The 1972 Clean Water Act has driven significant improvements in US water quality, according to the first comprehensive study of water pollution over the past several decades by researchers at UC Berkeley and Iowa State University.
The team analyzed data from 50 million water-quality measurements collected at 240,000 monitoring sites throughout the US between 1962 and 2001. Most of 25 water-pollution measures showed improvement, including an increase in dissolved oxygen concentrations and a decrease in fecal coliform bacteria. The share of rivers safe for fishing increased by 12% between 1972 and 2001.
Despite clear improvements in water quality, almost all of 20 recent economic analyses estimate that the costs of the Clean Water Act consistently outweigh the benefits, the team found in work also coauthored with researchers from Cornell University. These numbers are at odds with other environmental regulations like the Clean Air Act, which show much higher benefits compared to costs.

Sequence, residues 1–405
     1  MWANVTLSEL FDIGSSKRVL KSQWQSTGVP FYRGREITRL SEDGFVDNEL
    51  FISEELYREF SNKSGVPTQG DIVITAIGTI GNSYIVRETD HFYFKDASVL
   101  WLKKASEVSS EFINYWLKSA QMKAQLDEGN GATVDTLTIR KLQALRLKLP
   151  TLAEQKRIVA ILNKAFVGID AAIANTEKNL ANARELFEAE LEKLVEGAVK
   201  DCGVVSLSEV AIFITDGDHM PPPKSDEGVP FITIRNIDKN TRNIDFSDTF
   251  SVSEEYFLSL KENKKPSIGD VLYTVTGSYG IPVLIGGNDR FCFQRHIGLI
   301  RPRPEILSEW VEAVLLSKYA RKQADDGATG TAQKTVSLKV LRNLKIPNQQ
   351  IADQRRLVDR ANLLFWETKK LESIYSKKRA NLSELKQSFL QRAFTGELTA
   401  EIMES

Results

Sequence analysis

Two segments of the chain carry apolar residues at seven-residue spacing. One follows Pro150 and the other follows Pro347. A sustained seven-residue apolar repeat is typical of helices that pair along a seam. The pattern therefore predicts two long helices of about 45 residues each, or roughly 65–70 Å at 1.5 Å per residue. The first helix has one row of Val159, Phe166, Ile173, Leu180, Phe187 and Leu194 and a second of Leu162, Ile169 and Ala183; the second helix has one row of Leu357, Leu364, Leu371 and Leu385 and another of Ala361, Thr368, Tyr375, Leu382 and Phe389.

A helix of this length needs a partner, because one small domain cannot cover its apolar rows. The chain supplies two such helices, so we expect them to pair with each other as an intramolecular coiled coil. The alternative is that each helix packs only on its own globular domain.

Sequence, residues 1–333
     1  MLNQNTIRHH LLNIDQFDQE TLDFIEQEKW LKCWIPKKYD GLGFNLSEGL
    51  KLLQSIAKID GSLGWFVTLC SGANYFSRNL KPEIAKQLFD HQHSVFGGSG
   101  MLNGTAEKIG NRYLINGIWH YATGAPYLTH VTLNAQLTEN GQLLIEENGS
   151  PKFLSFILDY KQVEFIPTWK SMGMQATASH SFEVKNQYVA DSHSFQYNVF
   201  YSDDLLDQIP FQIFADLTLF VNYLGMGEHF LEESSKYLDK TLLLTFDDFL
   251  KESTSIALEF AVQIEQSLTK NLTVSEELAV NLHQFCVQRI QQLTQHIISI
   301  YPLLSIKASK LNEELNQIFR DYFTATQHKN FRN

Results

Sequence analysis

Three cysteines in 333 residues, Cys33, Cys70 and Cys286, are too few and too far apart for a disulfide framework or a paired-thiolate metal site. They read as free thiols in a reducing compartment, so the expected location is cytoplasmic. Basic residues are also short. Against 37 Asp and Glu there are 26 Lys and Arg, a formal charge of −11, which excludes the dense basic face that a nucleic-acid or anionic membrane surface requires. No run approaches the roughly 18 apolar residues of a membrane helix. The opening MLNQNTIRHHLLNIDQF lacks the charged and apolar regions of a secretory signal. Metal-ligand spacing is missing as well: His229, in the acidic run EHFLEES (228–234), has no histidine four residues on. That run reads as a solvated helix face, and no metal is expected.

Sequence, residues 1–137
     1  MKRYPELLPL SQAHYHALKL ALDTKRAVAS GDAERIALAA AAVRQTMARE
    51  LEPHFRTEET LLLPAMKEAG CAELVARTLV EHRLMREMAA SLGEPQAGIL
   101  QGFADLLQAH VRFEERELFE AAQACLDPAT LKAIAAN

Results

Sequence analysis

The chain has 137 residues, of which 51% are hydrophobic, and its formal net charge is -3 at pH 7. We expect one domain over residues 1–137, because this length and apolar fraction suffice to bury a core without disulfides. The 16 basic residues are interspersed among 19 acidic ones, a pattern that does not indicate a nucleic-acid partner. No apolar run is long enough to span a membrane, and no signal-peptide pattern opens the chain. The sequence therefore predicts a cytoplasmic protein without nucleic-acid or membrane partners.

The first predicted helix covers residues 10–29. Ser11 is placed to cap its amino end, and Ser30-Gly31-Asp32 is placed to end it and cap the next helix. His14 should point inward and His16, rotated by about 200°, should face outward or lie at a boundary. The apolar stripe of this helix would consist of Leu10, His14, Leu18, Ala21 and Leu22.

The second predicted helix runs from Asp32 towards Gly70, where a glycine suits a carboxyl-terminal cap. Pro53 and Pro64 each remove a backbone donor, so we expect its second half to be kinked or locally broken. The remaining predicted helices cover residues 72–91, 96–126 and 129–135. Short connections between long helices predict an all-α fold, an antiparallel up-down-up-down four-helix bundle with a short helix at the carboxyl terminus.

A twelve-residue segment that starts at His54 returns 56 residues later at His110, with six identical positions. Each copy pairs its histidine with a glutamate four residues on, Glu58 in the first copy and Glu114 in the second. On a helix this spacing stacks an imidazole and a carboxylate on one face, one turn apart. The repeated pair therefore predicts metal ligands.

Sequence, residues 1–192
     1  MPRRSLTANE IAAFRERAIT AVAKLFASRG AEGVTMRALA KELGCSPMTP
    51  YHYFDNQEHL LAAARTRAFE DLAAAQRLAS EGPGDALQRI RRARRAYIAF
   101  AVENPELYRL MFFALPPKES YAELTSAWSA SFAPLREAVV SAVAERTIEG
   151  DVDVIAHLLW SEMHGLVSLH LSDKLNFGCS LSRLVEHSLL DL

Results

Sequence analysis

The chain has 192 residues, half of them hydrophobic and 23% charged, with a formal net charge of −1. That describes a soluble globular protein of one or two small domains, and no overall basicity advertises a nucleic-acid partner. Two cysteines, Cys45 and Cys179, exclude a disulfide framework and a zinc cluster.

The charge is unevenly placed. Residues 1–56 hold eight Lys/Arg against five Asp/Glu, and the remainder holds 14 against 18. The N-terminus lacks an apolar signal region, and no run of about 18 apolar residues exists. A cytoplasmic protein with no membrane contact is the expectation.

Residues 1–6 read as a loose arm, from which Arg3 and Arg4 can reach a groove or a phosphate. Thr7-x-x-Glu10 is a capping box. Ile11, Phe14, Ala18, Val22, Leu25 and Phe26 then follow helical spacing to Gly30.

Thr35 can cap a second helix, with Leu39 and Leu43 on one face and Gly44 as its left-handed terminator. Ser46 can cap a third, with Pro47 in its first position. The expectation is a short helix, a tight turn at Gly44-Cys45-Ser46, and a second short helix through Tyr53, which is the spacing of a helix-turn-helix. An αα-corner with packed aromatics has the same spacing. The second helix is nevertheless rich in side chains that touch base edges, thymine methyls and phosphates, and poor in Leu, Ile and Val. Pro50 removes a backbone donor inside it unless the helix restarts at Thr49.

“Water pollution has declined dramatically, and the Clean Water Act contributed substantially to these declines,” said Joseph Shapiro, an associate professor of agricultural and resource economics in the College of Natural Resources at UC Berkeley. “So we were shocked to find that the measured benefit numbers were so low compared to the costs.”
The researchers propose that these studies may be discounting certain benefits, including improvements to public health or a reduction in industrial chemicals not included in current water-quality testing.
The analyses appear in a pair of studies published in the Quarterly Journal of Economics and the Proceedings of the National Academy of Sciences.
Read the paper here.
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